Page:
Education in GKA

Immersion Education

About Immersion Education

Immersion education a type of bilingual education in which students learn subjects such as math, science, social studies and art in their second language. Learning English is not a goal; the goal is to obtain knowledge and concept of the subjects. English is an instrument to achieve the goal. GKA adopts a partial immersion program where 70% of instruction is given in English.
Accumulating immersion activities will allow children to acquire English as naturally as they acquire their native language.

History of Immersion Programs

In recent years, immersion programs have been implemented in Europe, Africa, Asia, and other parts of the world.
In Canada in 1965, immersion education started to respond to the request from parents in French-speaking region; they claimed that their children could not acquire good French proficiency under their traditional second language program. Now immersion education has spread throughout Canada, and immersion education is being implemented in almost all schools.

Impact of Acquisition of English on Japanese Language Proficiency

It’s been reported that students in immersion schools in Canada, the United States and Japan have acquired their first language as well as students in regular schools. Research in Japan and overseas also indicates that bilingual children attain various skills in thinking, expression and perceptiveness. Thus, children acquire good skills in their native language by making comparison to their second language.

Even with the practice of 70% of partial immersion education at GKA, students’ dominant language in their daily life is Japanese. They watch Japanese TV programs, read Japanese newspapers, and talk with their parents in Japanese. Thus, they have a great deal of exposure to Japanese language. However, the amount of Japanese language used in immersion education is of course smaller compared to regular schools where all subjects are taught in Japanese. Japanese Language Arts class plays a crucial role in our school and we encourage students and parents to devote much of their time in reading Japanese books.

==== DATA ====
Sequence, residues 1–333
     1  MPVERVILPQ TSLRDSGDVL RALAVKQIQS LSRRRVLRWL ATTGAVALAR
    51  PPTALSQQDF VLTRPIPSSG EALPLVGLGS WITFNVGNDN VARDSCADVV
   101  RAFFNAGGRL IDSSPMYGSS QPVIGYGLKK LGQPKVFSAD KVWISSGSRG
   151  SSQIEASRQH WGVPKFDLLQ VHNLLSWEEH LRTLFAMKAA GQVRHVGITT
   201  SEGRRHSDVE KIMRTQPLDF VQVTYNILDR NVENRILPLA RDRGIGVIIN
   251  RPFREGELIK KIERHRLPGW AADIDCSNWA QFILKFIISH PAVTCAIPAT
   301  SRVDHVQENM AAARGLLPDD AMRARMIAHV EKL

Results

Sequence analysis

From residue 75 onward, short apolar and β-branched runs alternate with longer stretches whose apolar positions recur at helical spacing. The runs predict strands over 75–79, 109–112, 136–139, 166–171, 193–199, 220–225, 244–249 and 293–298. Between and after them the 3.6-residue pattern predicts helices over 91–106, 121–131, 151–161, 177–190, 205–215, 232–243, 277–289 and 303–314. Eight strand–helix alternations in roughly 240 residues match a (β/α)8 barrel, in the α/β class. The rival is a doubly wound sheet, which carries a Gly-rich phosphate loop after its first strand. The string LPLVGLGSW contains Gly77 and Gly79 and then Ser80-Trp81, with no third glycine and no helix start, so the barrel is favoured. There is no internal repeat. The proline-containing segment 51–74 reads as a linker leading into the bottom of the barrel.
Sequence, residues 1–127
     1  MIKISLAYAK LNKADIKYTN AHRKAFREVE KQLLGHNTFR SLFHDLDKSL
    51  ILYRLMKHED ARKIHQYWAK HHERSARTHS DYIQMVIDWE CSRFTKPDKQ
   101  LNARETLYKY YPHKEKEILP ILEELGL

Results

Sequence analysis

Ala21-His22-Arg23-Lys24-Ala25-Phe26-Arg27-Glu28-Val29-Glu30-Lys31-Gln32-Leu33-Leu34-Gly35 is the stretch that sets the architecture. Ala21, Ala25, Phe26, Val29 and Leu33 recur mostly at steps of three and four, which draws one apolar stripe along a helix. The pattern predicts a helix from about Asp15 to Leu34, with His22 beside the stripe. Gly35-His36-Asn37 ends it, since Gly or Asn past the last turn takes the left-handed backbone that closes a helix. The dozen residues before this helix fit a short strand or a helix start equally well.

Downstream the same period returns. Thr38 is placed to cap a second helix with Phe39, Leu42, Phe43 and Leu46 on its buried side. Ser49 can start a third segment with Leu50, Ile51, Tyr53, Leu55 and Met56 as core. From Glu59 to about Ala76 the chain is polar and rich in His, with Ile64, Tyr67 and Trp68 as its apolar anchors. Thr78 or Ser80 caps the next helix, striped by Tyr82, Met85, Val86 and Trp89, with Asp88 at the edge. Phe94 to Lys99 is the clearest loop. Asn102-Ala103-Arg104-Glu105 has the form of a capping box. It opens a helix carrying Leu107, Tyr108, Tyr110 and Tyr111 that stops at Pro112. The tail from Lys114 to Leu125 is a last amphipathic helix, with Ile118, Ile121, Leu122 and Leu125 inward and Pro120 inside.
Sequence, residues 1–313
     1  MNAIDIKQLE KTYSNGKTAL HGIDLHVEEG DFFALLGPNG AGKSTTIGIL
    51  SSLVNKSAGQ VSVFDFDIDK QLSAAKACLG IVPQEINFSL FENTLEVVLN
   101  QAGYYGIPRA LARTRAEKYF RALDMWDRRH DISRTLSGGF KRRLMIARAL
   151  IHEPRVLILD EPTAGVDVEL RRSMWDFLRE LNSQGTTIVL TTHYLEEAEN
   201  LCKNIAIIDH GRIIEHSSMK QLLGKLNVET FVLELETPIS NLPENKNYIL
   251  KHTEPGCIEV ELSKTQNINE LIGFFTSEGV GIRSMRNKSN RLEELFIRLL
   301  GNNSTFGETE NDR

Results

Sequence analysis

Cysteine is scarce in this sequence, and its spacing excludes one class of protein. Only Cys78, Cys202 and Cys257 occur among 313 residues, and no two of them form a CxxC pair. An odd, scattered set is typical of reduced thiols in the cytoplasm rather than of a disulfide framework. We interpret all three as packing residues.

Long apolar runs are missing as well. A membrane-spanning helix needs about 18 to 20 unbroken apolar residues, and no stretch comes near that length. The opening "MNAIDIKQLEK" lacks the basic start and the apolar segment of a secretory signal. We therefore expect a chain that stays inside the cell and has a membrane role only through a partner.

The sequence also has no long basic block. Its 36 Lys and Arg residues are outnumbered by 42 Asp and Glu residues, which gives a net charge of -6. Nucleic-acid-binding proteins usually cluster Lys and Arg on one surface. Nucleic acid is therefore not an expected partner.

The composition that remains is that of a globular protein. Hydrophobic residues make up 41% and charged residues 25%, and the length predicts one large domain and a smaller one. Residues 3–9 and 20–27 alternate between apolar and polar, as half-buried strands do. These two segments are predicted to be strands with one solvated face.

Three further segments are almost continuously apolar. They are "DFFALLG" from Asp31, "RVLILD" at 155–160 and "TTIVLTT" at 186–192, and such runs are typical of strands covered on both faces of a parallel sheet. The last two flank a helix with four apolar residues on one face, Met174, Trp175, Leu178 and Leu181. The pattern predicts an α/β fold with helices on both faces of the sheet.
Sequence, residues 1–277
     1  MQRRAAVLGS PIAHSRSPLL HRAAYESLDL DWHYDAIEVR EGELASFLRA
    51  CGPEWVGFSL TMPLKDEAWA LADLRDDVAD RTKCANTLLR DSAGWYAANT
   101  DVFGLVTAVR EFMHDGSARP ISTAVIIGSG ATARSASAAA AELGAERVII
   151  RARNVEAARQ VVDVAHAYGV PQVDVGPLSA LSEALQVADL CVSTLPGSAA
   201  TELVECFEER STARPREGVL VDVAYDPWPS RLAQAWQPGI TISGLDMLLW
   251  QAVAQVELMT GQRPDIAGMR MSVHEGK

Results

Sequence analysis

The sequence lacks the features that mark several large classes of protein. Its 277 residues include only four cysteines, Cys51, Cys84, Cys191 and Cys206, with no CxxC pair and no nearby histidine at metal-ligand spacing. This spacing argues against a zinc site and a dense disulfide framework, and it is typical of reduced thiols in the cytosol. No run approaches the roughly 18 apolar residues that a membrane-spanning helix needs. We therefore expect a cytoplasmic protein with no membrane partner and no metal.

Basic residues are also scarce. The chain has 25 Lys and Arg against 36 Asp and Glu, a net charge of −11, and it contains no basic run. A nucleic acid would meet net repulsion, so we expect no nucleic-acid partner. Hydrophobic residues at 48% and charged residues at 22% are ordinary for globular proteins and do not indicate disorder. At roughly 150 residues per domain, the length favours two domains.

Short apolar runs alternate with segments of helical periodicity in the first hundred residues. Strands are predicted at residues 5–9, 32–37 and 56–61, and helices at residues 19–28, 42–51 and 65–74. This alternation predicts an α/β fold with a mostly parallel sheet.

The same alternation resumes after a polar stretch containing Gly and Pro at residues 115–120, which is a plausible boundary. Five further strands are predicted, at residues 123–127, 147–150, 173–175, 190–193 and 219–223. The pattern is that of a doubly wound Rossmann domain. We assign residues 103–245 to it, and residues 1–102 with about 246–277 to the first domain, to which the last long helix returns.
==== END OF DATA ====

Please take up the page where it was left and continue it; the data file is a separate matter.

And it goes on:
At GKA, we provide Japanese review sessions of the English vocabulary and technical terms that they studies in math and science class.

About Our Curriculum

Since our school is authorized as a special education zone school, we are allowed to arrange a flexible curriculum. In regular schools, English is not taught as a subject. (In current condition, lessons for international understanding and English language learning are covered by Integrated Studies in Grades 3 and 4. In Grades 5 and 6, this is covered in English subject for 2 periods a week.) At GKA, English and computer learning are taught as subjects. Also, we are able to use English translated versions of authorized textbooks by the MEXT and textbooks published abroad. In some areas, textbooks for higher grades may be applied in an earlier stage. Students may challenge advanced problems or problem-solving tasks. Our curriculum overall follows the Course of Study set by the MEXT.

The main objective of our school is not teaching English; the objective is to raise world citizens with self-confidence while learning English. For pursuing the goal to become world citizens, the emphasis is placed on developing students’ artistic ability too. The number of class hours at GKA exceeds that of public schools due to the bilingual instruction.